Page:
US7274730B2 (en) 2002-08-26 2007-09-25 Hitachi Kokusai Electric Inc. QoS control method for transmission data for radio transmitter and radio receiver using the method
CN1679017B (en) 2002-09-03 2010-05-05 汤姆森特许公司 Apparatus and method for providing reserved connection between terminal stations, and Ethernet system
US7321591B2 (en) 2002-09-24 2008-01-22 Efficient Networks, Inc. Methods and systems for providing differentiated quality of service in a communications system
CA2499439C (en) 2002-10-18 2012-08-21 Telefonaktiebolaget L M Ericsson (Publ) Arrangements and method for controlling transmission of data bits
JP3798743B2 (en) * 2002-10-31 2006-07-19 富士通株式会社 Data transmission method and data transmission apparatus
US7433307B2 (en) 2002-11-05 2008-10-07 Intel Corporation Flow control in a network environment
DE60214015T2 (en) 2002-12-04 2007-03-08 Irdeto Access B.V. Apparatus, data distribution system with such devices, methods for transmitting data
US7792121B2 (en) 2003-01-03 2010-09-07 Microsoft Corporation Frame protocol and scheduling system
US6940813B2 (en) 2003-02-05 2005-09-06 Nokia Corporation System and method for facilitating end-to-end quality of service in message transmissions employing message queues
US7577161B2 (en) 2003-02-26 2009-08-18 Alcatel-Lucent Usa Inc. Class-based bandwidth allocation and admission control for virtual private networks with differentiated service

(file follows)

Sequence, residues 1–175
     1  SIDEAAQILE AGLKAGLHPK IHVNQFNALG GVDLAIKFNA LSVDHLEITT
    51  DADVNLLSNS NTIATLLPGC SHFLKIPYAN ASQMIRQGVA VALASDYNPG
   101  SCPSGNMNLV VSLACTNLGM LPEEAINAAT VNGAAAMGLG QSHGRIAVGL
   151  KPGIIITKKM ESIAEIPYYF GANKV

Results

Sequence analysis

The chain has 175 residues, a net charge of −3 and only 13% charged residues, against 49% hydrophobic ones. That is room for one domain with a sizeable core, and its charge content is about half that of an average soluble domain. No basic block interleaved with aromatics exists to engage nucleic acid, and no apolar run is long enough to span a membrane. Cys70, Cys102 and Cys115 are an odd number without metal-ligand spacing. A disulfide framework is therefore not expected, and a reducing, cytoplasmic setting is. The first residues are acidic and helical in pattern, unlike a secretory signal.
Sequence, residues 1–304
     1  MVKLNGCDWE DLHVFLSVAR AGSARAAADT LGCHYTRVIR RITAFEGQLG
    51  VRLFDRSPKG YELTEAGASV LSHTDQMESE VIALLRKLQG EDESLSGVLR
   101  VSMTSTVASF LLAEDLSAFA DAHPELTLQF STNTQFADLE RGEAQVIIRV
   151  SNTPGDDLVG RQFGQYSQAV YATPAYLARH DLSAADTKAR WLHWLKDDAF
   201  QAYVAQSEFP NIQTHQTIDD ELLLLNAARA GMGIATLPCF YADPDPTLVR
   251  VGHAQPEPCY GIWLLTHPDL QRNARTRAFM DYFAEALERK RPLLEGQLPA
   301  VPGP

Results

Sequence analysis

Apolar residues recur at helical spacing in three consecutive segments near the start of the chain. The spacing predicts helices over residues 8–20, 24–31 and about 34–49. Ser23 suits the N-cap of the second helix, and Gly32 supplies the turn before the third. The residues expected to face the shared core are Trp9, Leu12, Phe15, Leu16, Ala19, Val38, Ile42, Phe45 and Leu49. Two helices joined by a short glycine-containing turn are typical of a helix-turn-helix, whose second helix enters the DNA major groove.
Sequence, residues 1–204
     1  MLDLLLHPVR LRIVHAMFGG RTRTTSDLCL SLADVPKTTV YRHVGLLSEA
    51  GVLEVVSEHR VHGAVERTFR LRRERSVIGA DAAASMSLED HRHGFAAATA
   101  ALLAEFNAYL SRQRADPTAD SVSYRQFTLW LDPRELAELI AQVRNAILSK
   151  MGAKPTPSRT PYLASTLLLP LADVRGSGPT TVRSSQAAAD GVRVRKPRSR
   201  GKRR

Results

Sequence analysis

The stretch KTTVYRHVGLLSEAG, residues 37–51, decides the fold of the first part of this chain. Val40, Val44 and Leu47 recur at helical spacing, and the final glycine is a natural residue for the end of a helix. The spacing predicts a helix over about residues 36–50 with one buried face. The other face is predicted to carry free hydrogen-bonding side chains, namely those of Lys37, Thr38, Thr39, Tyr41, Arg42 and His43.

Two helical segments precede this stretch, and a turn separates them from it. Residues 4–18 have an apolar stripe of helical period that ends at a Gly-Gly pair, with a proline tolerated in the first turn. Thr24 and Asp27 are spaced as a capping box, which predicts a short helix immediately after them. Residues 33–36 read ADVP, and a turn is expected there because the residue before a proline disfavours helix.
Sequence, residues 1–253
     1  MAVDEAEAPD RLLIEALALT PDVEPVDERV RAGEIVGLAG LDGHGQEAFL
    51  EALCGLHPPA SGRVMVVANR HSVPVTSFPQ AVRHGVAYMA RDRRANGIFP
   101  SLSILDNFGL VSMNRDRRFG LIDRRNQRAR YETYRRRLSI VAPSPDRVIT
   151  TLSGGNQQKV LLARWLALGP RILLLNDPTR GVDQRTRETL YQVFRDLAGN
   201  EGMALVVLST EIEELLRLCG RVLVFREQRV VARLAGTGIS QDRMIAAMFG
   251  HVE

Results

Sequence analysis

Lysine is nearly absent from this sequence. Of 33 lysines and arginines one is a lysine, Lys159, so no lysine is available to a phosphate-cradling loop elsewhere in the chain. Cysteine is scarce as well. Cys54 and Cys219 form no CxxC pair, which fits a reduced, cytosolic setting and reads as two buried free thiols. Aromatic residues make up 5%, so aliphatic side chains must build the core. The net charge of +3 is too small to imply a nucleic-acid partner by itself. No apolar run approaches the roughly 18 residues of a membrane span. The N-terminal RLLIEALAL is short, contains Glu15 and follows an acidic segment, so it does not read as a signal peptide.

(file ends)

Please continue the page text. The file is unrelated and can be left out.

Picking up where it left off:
US7555559B2 (en) 2003-02-28 2009-06-30 Onion Networks, KK Parallel data transfer over multiple channels with data order prioritization
GB2417643B (en) 2003-03-31 2007-01-24 Gen Dynamics C4 Systems Inc Call admission control/session management based on N source to destination severity levels for IP networks
US7349400B2 (en) 2003-04-29 2008-03-25 Narus, Inc. Method and system for transport protocol reconstruction and timer synchronization for non-intrusive capturing and analysis of packets on a high-speed distributed network
US7573906B2 (en) 2003-05-15 2009-08-11 At&T Intellectual Property I, L.P. Methods, computer program products, and systems for managing quality of service in a communication network for applications
US8521889B2 (en) 2003-05-15 2013-08-27 At&T Intellectual Property I, L.P. Methods, systems, and computer program products for modifying bandwidth and/or quality of service for a user session in a network
US7349422B2 (en) 2003-06-03 2008-03-25 Microsoft Corporation Providing contention free quality of service to time constrained data
US7436789B2 (en) 2003-10-09 2008-10-14 Sarnoff Corporation Ad Hoc wireless node and network
US7408932B2 (en) 2003-10-20 2008-08-05 Intel Corporation Method and apparatus for two-stage packet classification using most specific filter matching and transport level sharing
US20050114036A1 (en) 2003-11-26 2005-05-26 Ann Fruhling Specimen reporting system
KR100590772B1 (en) 2003-12-26 2006-06-15 한국전자통신연구원 Apparatus and method of media access control processor for guaranteeing quality of service in wireless LAN
EP1730899B1 (en) 2004-01-30 2010-12-08 TELEFONAKTIEBOLAGET LM ERICSSON (publ) Packet scheduling for data stream transmission